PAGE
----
Pecksniffian Management at Swindon Pub Plies Ember with Food and Then Gives Her the Bum's Rush
"Everybody has to stop letting her in, as I spend half the day chasing her out."
-- Manager Mark Burton
A loving ginger-colored cat unwittingly has become tangled up in a tug-of-war between a publican's desire to exploit her for commercial gain while simultaneously attempting to comply with health regulations that outlaw her from his establishment.
Her name is Ember and she turned up unannounced at the Blunsdon Arms on Thamesdown Drive in Swindon about eight months ago and refuses to leave. That certainly is not surprising considering all the fish, chicken, and cat food that the staff has been plying her with in addition to all the attention that they and customers lavish upon her.
"I think she gets better fed than me," pub manager Mark Burton told the Swindon Advertiser on October 14th. (See "Pub Ban Is a Cat-astrophe!") "She turns up at 7 a.m. looking for food and is so friendly and quite unusual."
Therein lies the rub, as Shakespeare would say. Presumably, either health inspectors or some ailurophobic patrons have objected to her presence.
Consequently, Burton and his staff have resorted to cruelly giving her the bum's rush. "As we do a lot of food, we have to keep chucking her out," Burton added. "She is very forward and goes for everyone's lap when she comes into the pub."
That is not all she does. According to staffer Kellie Watkins, she also badgers diners for tidbits and morsels of their fares.
"She will just sit on my shoulder for ages," Watkins told the Swindon Advertiser in the article cited supra. "She can be a pain though when she sneaks inside, as she tries to sit on top of tables and watches people eat their dinner." (See photo above of her and co-worker Sarah Harrison with Ember outside the bar.)
Although she only has been at the Blunsdon Arms for a short while, she has become extremely popular with some of the regulars who willingly hold open the door so that she can come inside. This has forced management to post a patently discriminatory and inhumane sign on the portal which reads: "Please Note the Cat Is Barred."
It does not seem to be having much of an effect, however. After all, it was the punters who named her Ember in honor of the chain which owns the pub as well as another one-hundred-seventy-five watering holes. There is even talk of establishing a page for her on Facebook.
Nevertheless, it appears that management is dead serious about declaring her persona non grata. "Everybody has to stop letting her in, as I spend half the day chasing her out," Burton told the Advertiser.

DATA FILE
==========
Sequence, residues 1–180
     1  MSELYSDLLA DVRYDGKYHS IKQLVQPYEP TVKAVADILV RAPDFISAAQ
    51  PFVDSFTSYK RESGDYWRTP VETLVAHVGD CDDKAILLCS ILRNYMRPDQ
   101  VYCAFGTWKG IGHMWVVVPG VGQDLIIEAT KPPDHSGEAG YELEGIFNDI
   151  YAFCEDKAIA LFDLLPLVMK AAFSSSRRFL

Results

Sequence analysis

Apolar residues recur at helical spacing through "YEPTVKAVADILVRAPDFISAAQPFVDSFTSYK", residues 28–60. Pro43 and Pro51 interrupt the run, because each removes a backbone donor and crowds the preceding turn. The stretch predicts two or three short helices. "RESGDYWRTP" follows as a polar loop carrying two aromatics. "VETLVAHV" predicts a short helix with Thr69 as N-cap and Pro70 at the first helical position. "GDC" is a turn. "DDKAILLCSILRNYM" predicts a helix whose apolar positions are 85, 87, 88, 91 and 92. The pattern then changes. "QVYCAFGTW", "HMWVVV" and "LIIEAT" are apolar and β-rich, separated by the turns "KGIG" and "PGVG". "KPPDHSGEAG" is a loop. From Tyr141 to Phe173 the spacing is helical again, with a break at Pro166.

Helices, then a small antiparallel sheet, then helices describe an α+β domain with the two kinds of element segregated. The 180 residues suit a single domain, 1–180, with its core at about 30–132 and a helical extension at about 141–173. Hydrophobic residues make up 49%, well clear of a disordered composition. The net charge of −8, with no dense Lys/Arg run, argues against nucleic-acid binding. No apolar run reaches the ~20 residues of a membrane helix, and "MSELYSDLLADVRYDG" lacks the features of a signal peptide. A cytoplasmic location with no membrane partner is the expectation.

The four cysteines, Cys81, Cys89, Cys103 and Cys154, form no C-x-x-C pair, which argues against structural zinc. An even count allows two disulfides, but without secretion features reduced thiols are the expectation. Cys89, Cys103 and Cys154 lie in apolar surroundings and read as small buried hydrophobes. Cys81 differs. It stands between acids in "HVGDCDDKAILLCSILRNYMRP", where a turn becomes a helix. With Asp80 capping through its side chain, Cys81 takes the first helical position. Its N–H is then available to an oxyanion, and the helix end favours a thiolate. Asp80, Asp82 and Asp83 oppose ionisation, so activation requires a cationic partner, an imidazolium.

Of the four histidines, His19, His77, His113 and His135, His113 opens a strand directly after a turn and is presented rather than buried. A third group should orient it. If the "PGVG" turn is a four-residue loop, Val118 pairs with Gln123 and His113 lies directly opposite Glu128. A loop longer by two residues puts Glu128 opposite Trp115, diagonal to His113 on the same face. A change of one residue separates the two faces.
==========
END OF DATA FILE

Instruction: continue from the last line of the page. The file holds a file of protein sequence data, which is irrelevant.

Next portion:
Once evicted, Ember bides her time hanging out underneath the pub's outdoor heaters and giving the evil eye to any other felines who attempt to horn in on her turf. "She is very territorial," Burton conceded.
No one seems to know where she came from or even if she has a regular place to hang her hat. Nonetheless, since she does not spend her nights at the pub she must be sleeping somewhere and hopefully that is not outdoors in the cold, rain, and snow.
It is rumored that her real name is Jasmine although even that never has been confirmed. There can be no doubt, however, that because of her friendly disposition she has spent her entire life around people. "Obviously she likes people or is very lonely," Burton affirmed.
Ember's predicament raises several important issues. First of all, health regulations barring cats and other animals from restaurants and grocery stores are a major problem everywhere but perhaps nowhere more so than in New York City.
The city's restaurants, delicatessens, and bodegas are overrun with mice, cockroaches, and God only knows what else. It is not that New Yorkers are necessarily any more unsanitary than people elsewhere, but when there are roughly eight million of them the enormous amount of food that must be kept on hand in order to sustain them is bound to attract pests.
Besides, although it is not widely broadcast, it is precisely all the ground-up cockroaches and rodent poop that gives New York cuisine its world renown flavor. That is not a problem in that the natives have grown accustomed to the taste and like it whereas what the tourists do not know probably will not kill them.
Because of draconian city and state laws, however, establishments that sell food are fined anywhere from $300 to $2000 for keeping cats. They are likewise fined an equivalent amount if mouse droppings are found on the premises.